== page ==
Since reckless driving is one of the most serious misdemeanors in North Carolina’s criminal justice system, it is important to take your case as seriously as possible and know what to expect before entering the courtroom.
Here, reckless motorists in Norfolk explain what to expect in court and why hiring a local lawyer is so important. To learn more, call us today to arrange a consultation with us or contact our legal services team at 888-437-7747.
Someone should expect the process to be streamlined, and one can expect to go to court with people who have a variety of different cases, typically dealt with in the same courtroom and under a specific order. One could wait a long time and expect a policeman who is there to explain to the judge why he is charged with reckless driving in the first place. If you go up there, you will expect him to have been there and told by a judge that you have been charged and why.
Then you have the opportunity to cross the border – investigate the policeman and try to dispel any reasonable doubt about his allegations. Then you can present your own evidence, hopefully in your favor, and then have it investigated to dispel reasonable doubt about it and the allegation.
Then the local judge decides on the sentence, and then the case is closed and the person has a moment to justify the sentence. This means that you have the opportunity to convince the judge that you will not be sentenced, which I think is a good situation.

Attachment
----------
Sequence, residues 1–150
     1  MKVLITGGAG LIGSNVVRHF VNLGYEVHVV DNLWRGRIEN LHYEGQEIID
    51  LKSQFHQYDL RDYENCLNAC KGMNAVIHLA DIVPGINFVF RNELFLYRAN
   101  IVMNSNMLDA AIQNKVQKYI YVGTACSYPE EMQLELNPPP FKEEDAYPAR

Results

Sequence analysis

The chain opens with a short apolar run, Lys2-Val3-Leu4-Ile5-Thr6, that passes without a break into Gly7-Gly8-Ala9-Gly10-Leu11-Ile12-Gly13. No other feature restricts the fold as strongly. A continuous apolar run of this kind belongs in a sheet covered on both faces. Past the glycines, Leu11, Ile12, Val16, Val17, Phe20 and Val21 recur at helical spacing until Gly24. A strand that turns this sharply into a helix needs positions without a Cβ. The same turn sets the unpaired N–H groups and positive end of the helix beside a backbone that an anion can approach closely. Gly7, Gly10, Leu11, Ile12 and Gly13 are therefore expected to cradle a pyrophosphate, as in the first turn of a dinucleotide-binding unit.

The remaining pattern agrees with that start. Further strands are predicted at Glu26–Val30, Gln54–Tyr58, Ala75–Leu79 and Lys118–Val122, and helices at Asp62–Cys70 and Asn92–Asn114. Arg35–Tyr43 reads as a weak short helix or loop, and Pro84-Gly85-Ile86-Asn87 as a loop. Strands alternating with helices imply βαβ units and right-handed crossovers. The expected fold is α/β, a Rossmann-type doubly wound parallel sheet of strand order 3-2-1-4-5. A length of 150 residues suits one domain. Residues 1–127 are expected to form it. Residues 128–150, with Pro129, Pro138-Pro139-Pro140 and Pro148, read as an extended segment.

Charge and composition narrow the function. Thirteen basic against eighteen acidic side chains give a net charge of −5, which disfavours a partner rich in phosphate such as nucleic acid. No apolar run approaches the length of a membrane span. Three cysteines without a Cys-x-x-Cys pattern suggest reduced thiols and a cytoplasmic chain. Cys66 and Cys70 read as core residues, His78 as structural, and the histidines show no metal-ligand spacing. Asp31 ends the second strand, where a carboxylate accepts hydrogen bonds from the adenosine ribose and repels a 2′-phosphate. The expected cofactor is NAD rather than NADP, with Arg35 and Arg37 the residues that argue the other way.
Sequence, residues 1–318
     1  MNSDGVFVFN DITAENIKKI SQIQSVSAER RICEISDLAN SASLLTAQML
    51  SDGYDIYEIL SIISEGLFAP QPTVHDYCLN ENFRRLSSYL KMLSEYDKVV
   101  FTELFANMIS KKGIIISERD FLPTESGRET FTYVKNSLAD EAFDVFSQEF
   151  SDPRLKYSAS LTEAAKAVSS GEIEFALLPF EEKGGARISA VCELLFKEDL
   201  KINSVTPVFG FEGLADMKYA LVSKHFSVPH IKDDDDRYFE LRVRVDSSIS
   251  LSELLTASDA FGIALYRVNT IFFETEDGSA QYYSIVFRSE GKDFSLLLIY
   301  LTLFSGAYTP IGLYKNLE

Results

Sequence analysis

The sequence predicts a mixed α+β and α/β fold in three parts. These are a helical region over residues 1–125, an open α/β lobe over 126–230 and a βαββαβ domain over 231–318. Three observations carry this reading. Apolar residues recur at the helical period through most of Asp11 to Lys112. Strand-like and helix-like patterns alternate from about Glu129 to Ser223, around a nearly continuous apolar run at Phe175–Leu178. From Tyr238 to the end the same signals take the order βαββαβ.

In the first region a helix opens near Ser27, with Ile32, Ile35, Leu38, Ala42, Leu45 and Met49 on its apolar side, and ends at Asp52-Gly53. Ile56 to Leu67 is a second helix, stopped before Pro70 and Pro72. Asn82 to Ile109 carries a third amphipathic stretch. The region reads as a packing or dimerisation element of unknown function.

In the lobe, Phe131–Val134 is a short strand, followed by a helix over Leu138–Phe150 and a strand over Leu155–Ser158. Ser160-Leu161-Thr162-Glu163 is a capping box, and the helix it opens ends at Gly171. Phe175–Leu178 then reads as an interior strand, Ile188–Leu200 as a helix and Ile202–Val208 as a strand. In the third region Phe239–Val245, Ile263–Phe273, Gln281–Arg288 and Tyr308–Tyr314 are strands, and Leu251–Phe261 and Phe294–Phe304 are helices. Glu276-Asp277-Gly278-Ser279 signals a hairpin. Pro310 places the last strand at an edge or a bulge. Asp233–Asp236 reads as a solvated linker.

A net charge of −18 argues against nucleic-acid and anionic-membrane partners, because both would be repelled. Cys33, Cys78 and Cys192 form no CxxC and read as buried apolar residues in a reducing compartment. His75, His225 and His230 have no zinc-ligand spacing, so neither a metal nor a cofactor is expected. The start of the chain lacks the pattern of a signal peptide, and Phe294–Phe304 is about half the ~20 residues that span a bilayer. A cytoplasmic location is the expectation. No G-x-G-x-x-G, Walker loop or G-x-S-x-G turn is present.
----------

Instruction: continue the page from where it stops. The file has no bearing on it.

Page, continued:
In order to justify a conviction, people often present evidence of good character, but in the case of reckless driving, the only evidence they have is usually their own testimony. What kind of evidence you can provide depends very much on your particular situation. Sometimes the driver lets the driver, who has his vehicle with him, come to confirm his story. But let’s be unusual: in cases of “reckless” driving, typically in a case like this, only the evidence people have.
The purpose of this type of evidence is to convince the judge to see the accused as a whole and not just as a paper indictment, and thus to take into account all the positive aspects of the indictment in order to determine the appropriate sentence. This is a very important part of the court process in cases of reckless driving like this.
In many states, reckless driving (speeding) is an administrative offense punishable by a fine of up to $1,000 and / or two years in prison. There is no “reckless driving” or even “excessive speed” in Virginia, and it is not unusual for someone to be sentenced to a few days in prison. Judges are very lenient with people charged with reckless driving, but in some states motorists are surprised and shocked to learn they face jail time for speeding on the highway or speeding. It is very important to have someone from Norfolk by your side in such cases, as each jurisdiction will vary slightly, even in Virginia. The advantage of a local lawyer is that he ideally interacts with the judge before and after the officers and builds a positive relationship. In some cases, this can hopefully lead to a slight advantage leading to better results.